The Leahy Law restricts US aid to regimes and military units deemed responsible for generalized violations of internationally recognized human rights standards. UN monitoring bodies such as the Committee Against Torture and on Enforced Disappearances, and international human rights organizations such as Amnesty International and Human Rights Watch, have expressed similar concerns.
The tribunal noted a large gap between Mexico’s proactive stance at the UN as a supposed champion of the rights of migrants and Indigenous peoples—two of the sectors most gravely affected by the violations documented in the sources cited above—and the reality as presented in testimony to the jury.
An increasing cascade of mass human rights crimes in Mexico has intensified concerns within the country and beyond. This includes the Aguas Blancas, Acteal and El Charco massacres in 1995, 1997 and 1998; the San Fernando massacre in 2010; and mass graves in 2011. It also includes several incidents since the Tlatlaya Massacre in June 2014; followed by the disappearance of 43 students from the Ayotzinapa Rural Teachers’ College (Guerrero) in September 2014; and in the first half of 2015, several atrocities between January and May with a total of over 100 victims in Apatzingán, Villa Purificación and Tanhuato.
Two additional incidents along similar lines took place in July in Calera, Zacatecas—seven farmworkers forcibly disappeared by military personnel and found dead several days later in a mass grave—and in the town of San Miguel Ostula in the municipality of Aquila in Michoacán, where a 12-year-old child was killed and several others injured, when military personnel opened fire on community residents who had blocked local roads in protest of the arrest the day before of a leader of their Indigenous community police force.
The Drug War
All of these involve significant numbers of civilian victims and varying degrees of direct or indirect participation by federal, state and local police, together with the military as key actors, in contexts related to the country’s “drug war.” Several of these cases were presented before the tribunal.
There is a widespread tendency to describe Mexico’s “drug war” as a process of “Colombianization.” Today, Mexico’s battle against drugs is, in effect, a strategic, territorial and conceptual extension of Colombia’s in the 1980s and 1990s, through the Mérida Initiative. This arose within the framework of the national security component of NAFTA known as the Security and Prosperity Partnership of North America. The initiative was originally referred to in US government circles as Plan Mexico, emphasizing its origins as the Mexican version of Plan Colombia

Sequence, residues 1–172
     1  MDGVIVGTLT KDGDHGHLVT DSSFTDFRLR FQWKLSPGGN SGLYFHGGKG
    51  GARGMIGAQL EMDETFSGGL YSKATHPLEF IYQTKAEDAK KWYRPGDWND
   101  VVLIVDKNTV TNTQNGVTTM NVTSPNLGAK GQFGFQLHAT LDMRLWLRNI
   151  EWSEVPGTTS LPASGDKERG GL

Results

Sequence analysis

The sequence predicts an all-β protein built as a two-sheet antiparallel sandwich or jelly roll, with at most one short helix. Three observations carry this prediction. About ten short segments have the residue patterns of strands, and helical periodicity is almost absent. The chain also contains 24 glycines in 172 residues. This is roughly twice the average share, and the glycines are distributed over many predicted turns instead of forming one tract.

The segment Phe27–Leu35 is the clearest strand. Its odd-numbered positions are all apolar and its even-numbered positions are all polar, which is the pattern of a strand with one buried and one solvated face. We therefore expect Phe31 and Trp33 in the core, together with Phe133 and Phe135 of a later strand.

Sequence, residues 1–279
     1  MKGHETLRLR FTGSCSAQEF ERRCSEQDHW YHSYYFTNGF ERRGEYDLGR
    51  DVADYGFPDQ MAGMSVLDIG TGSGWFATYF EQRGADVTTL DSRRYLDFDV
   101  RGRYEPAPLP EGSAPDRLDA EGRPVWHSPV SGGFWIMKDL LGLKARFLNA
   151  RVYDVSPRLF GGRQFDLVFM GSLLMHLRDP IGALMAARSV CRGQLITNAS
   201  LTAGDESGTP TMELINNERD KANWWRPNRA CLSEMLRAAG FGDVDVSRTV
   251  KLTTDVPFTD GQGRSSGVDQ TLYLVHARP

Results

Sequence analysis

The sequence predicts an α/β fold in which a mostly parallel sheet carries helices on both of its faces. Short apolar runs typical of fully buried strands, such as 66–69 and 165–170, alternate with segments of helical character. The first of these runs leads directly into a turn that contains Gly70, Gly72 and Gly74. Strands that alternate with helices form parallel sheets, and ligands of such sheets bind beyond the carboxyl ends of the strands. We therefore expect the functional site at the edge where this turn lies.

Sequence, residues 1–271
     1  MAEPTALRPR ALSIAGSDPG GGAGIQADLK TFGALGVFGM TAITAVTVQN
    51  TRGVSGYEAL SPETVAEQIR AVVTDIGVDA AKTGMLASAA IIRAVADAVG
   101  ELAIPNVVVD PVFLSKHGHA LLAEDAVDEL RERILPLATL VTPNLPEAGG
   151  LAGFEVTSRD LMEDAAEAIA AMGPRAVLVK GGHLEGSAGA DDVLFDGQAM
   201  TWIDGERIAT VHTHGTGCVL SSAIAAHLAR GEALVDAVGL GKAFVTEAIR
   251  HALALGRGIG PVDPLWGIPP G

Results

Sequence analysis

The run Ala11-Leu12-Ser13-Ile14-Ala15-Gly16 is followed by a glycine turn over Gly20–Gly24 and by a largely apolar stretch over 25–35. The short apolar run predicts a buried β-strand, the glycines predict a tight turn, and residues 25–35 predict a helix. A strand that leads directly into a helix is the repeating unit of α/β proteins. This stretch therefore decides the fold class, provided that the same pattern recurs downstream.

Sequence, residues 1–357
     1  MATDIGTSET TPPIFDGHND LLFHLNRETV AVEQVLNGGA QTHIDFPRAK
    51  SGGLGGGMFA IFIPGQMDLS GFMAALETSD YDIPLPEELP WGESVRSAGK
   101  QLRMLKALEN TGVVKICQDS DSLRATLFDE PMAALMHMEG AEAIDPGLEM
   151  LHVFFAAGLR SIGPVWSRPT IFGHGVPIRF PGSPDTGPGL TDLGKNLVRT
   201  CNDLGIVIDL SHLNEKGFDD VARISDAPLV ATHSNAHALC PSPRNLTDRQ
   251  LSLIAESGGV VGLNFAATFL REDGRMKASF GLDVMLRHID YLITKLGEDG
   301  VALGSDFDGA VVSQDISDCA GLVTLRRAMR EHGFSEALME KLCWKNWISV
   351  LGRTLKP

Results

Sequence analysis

These trends provide a road map leading from the 1997 Acteal massacre in Chiapas, to the San Fernando massacre of migrants in transit in August 2010 and mass graves of April 2011, and most recently to the September 2014 case of the 43 disappeared students of Ayotzinapa. In each of these cases, the direct responsibility of paramilitary and narco-paramilitary forces for such crimes has been combined with decisive dimensions of state complicity.
The sheer number and seriousness of the human rights violations against migrants and other vulnerable sectors, such as the ones above, led the jury to find an overall pattern of state terror and state criminality.
The US, through its massive military and diplomatic aid for the government of Mexico, is enabling the continuation of egregious and systematic human rights violations.
*[A version of this article article first appeared in Truthout.]
The views expressed in this article are the author’s own and do not necessarily reflect Fair Observer’s editorial policy.